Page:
People are sounding off on the News 9 Facebook page, over fundraisers for youth sports. A football team for 6-year-old boys in El Reno is raffling off an AR-15 right now.
Rifle raffles remain very popular in Oklahoma, benefiting everyone from law enforcement to youth sports teams.
“My stomach dropped,” Jade Courtney recalled after seeing the flyer online. “I was very startled, especially to hear that it was my hometown for little kids football, and that type of gun.”
Courtney said the fear after the mass shootings in Dayton and El Paso is still too fresh, for herself and her friends.
“They’re afraid that somebody is going to come after them because of their skin color, and that’s the most terrifying thing of all,” she told me.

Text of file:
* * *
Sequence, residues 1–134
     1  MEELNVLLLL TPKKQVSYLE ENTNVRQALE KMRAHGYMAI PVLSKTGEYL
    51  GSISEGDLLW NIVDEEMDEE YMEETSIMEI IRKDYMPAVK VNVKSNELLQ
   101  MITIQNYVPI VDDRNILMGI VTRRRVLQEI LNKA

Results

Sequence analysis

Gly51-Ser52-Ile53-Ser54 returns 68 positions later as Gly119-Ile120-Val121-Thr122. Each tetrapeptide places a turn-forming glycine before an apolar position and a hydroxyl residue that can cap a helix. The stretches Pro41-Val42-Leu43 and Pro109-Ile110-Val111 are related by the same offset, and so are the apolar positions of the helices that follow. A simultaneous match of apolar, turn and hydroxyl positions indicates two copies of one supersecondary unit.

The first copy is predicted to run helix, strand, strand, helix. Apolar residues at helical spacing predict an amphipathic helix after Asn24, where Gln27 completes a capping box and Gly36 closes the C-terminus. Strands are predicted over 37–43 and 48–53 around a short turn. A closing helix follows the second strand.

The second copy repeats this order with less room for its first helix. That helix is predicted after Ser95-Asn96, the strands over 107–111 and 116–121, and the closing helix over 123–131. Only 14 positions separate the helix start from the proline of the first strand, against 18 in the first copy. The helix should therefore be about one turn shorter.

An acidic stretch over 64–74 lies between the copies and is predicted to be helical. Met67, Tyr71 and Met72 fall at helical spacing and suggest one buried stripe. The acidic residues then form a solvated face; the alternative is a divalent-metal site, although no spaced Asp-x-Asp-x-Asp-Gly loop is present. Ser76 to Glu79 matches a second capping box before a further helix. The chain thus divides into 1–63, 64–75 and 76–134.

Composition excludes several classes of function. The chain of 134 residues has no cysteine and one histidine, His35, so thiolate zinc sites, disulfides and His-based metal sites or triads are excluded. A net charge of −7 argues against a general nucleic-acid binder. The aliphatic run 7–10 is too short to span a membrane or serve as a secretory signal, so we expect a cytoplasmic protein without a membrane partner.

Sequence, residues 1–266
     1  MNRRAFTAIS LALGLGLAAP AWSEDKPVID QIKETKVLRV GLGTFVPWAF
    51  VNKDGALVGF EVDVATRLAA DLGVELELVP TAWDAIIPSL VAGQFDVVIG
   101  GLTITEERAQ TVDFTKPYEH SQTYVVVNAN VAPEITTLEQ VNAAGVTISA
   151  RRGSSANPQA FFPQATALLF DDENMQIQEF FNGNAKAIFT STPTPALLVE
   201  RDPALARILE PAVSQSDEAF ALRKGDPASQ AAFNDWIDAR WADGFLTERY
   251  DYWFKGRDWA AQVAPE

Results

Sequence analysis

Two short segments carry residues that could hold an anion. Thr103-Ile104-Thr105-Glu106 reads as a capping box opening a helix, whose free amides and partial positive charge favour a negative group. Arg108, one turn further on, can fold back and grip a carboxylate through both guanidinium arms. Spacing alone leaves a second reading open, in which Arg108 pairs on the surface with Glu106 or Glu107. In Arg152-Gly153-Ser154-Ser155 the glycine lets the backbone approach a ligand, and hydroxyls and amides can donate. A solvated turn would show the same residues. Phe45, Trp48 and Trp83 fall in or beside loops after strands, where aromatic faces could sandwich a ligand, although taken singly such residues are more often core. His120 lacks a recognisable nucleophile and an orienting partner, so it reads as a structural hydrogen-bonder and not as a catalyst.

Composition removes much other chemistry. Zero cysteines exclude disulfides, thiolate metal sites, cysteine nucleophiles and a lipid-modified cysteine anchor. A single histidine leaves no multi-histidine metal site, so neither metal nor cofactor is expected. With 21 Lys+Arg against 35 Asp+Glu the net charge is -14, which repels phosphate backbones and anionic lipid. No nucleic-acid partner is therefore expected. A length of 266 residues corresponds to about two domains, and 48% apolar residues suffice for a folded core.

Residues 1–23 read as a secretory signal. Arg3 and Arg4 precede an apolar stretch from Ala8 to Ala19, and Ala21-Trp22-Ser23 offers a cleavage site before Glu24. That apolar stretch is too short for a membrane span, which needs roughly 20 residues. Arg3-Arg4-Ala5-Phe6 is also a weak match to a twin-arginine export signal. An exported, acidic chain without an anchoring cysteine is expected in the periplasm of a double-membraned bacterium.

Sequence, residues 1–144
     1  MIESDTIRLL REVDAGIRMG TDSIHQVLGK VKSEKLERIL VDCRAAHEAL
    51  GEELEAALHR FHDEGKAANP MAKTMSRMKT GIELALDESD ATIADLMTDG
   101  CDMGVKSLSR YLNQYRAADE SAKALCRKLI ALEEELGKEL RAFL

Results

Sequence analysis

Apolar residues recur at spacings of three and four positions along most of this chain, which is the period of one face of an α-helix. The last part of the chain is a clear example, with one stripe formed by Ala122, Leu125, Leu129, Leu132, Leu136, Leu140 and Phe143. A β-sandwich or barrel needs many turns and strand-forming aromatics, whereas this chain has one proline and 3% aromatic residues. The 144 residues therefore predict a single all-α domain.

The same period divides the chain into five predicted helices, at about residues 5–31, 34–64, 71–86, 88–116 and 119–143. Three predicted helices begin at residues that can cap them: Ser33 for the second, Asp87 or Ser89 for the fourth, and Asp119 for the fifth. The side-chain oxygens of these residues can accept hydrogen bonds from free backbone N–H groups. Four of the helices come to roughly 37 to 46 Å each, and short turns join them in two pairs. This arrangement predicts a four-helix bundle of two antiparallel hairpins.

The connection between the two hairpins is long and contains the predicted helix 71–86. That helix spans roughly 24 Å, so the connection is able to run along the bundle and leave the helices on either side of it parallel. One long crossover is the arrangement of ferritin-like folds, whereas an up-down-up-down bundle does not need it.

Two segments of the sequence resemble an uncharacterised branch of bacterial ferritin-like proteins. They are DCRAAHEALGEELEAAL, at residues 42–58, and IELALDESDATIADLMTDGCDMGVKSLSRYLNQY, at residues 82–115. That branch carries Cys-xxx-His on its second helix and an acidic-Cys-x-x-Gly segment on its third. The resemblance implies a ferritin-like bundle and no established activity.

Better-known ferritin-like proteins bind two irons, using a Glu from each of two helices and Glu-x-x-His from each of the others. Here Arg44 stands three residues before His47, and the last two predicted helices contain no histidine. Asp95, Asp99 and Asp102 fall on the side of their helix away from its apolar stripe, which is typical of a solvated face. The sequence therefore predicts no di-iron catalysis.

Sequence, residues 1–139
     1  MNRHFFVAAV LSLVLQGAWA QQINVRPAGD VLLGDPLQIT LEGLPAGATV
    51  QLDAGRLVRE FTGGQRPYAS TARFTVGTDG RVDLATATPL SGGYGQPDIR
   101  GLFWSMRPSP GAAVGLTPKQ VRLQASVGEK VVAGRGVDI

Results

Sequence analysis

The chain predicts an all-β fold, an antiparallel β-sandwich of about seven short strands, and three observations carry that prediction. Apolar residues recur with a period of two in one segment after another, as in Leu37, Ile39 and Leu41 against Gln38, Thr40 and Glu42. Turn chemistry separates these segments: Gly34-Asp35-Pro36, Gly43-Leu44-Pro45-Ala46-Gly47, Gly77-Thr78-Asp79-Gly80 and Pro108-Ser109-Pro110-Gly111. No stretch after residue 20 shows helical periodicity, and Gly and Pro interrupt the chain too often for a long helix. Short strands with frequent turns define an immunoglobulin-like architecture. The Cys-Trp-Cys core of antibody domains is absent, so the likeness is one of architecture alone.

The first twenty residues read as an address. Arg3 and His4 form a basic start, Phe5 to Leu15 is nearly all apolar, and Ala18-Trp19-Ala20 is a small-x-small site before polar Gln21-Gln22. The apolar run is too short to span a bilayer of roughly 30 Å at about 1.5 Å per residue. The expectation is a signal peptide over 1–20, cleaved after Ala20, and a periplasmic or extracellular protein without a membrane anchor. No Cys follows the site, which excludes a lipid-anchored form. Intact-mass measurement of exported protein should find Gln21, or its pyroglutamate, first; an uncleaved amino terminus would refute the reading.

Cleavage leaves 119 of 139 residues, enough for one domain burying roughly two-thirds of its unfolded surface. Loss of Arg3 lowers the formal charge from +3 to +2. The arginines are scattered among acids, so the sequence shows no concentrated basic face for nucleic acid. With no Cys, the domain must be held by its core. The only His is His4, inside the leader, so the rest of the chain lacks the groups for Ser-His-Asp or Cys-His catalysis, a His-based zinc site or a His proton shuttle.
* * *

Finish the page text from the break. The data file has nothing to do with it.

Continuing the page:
Courtney added that she refuses to spend time in a public place like Walmart anymore, but on Facebook she faced a different perspective.
“Someone responded that a gun would sell faster than something like a certificate for a free haircut or for a cooler,” she said, “and that baffled me.”
The owners of Gene Sears Supply in El Reno, which is supplying the AR-15 in question, said these fundraisers are common.
“Two or three times a week,” admitted Gene’s son Garland.
The Sears family has run the gun shop since the 60s, and Garland told me no rifle is in higher demand.
“In the central part of the United States, it’s the gun of choice,” he said.
The winner of the raffle has to be 21 or older and pass a background check, which relies heavily on honesty.
“You can’t buy one for somebody else,” Garland explained. “That’s what that guy in Ohio did the other day.”
He contended that this raffle and other fundraisers like it are for a good cause.
“It supports the youth groups on the football team,” he said, “but a lot of those kids grow up to become shooters. Then we can sell them a gun.”
And he does not think the culture will change any time soon.